He would not be drawn on whether New Zealand had spied on its trading partners, speaking on Newstalk ZB this morning.
There were "always good reasons" for the GCSB undertaking its activities, but Key said he would not comment on foreign intelligence.
He said Greenwald was trying to hijack the election by doing Dotcom's bidding five days before New Zealand went to the polls.
"Dotcom is trying to save Dotcom's butt, and it's a reasonably large one so he's brought in all of these people, three little butts to save his butt.
"It won't work but they'll say and do anything to bamboozle people," he told Newstalk ZB.
'DON'T BELIEVE THEM'
Greenwald says the Government hasn't been truthful about the GCSB legislation, which passed into law in August 2013.
Key insists Greenwald is "absolutely wrong".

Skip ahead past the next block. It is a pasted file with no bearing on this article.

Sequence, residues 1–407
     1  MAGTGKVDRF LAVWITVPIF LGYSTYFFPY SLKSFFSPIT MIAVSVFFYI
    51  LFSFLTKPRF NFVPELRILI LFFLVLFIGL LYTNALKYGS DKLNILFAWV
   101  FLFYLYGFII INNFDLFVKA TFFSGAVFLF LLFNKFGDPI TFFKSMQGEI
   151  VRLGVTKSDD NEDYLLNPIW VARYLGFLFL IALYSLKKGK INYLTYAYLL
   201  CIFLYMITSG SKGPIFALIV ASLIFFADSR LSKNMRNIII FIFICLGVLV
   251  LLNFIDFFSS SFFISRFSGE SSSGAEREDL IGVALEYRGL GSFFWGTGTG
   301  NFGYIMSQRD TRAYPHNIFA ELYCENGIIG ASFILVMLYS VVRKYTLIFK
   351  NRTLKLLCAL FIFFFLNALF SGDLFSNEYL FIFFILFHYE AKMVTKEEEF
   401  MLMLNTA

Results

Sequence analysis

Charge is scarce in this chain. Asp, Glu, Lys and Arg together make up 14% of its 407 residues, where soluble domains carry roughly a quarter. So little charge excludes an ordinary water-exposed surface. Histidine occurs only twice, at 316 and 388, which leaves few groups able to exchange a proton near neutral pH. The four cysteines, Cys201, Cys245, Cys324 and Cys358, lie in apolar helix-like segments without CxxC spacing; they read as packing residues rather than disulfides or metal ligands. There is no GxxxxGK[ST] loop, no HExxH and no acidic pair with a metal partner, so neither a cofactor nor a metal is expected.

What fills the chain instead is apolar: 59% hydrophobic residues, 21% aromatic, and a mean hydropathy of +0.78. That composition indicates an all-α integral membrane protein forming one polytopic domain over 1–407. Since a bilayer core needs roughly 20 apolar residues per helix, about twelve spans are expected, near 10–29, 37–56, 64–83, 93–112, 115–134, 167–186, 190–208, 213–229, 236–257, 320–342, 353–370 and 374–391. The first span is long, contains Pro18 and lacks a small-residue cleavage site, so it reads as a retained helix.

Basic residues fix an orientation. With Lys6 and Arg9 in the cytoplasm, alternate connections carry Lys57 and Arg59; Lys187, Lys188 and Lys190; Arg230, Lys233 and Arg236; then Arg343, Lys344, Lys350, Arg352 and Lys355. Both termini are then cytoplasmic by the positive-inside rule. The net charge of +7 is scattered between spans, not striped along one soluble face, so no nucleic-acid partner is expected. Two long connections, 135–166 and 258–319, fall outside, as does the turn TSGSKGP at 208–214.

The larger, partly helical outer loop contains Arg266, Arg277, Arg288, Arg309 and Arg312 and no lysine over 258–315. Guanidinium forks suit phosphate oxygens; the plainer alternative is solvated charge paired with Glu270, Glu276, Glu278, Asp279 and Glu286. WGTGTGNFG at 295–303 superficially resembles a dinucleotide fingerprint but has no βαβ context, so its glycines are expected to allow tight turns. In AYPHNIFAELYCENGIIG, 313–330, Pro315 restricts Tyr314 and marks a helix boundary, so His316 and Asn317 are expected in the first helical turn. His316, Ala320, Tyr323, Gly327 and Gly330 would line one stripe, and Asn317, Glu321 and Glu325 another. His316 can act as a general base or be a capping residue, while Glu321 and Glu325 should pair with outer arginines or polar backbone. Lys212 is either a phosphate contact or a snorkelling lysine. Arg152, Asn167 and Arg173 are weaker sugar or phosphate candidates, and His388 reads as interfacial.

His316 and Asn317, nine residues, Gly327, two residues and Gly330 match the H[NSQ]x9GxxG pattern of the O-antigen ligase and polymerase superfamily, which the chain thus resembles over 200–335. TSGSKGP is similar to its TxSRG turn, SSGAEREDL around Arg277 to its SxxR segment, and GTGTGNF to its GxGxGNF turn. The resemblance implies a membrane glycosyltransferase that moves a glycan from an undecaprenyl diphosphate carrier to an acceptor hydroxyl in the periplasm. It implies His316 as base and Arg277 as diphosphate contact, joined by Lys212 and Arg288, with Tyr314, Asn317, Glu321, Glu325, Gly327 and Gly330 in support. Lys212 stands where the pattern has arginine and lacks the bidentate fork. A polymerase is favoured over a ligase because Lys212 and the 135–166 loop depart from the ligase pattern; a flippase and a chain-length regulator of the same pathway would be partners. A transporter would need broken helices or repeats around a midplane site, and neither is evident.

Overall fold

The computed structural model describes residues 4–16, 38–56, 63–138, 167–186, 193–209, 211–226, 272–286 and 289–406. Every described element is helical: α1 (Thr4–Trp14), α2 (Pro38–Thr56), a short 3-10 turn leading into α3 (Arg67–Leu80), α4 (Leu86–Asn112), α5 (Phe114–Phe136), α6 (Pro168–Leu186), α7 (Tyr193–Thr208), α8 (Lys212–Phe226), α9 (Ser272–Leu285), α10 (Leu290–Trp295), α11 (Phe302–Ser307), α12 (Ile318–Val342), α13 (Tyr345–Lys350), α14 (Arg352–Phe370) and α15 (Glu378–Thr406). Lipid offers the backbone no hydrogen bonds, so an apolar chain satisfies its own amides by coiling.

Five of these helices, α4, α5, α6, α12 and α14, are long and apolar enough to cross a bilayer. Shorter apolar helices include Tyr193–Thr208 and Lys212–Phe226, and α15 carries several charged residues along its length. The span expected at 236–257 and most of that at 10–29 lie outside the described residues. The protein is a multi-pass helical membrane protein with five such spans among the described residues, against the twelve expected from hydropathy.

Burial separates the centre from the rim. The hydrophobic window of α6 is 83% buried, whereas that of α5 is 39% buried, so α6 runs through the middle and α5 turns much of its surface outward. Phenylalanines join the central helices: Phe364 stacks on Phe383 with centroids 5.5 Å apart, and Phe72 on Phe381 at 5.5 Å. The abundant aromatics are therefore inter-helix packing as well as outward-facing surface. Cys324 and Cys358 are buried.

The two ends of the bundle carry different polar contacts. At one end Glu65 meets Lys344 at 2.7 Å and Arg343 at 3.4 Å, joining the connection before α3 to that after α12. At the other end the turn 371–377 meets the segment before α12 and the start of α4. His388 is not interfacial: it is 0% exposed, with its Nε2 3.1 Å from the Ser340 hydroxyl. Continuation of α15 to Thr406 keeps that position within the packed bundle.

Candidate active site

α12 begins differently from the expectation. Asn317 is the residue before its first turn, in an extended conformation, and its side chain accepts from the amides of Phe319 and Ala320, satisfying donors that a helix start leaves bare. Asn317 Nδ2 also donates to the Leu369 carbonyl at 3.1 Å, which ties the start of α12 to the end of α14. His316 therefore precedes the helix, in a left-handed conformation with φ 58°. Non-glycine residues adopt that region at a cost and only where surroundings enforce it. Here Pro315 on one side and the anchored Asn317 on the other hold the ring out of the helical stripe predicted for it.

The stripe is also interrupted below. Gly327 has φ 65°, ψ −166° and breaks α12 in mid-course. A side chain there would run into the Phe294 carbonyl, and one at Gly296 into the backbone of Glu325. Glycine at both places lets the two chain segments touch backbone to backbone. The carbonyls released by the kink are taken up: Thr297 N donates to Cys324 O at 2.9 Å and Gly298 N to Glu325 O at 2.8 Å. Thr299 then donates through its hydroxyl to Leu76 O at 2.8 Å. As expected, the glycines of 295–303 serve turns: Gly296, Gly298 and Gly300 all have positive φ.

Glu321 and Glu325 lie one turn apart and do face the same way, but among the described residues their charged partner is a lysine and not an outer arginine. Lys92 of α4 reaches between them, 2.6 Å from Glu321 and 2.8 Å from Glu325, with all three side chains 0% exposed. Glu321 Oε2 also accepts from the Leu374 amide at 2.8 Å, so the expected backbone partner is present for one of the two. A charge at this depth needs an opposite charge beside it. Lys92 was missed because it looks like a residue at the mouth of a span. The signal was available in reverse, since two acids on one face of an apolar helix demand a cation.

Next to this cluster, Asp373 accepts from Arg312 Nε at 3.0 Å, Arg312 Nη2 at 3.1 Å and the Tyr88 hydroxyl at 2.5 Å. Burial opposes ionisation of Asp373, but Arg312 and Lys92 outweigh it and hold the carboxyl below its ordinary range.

"He said the GCSB is undertaking mass surveillance against New Zealanders. They are not. There is no ambiguity, no middle ground. I'm right, he's wrong."
He says he has documents, including a Cabinet paper, to back his claims. But he won't release them until Greenwald reveals what he has. And he accused the Pulitzer Prize-winning journalist of playing politics, by staging a "sound and light show" with Internet Party founder Kim Dotcom, just days before the election.
Greenwald will join Dotcom at a "Moment of Truth" event tonight in Auckland, where he is set to detail his claims about the GCSB.
Key claims the Snowden documents tell only half the story - that Cabinet signed off proposals for the GCSB to investigate "widespread cyber protection" in early 2012 after two "significant" cyber attacks on Kiwi companies.
But he says that after a year he stopped the work as an internal review unearthed a raft of problems at the agency.
That review, by Rebecca Kitteridge, was sparked when illegal surveillance of Dotcom came to light in September 2012. Her report found a further 88 Kiwis were unlawfully snooped on over a decade.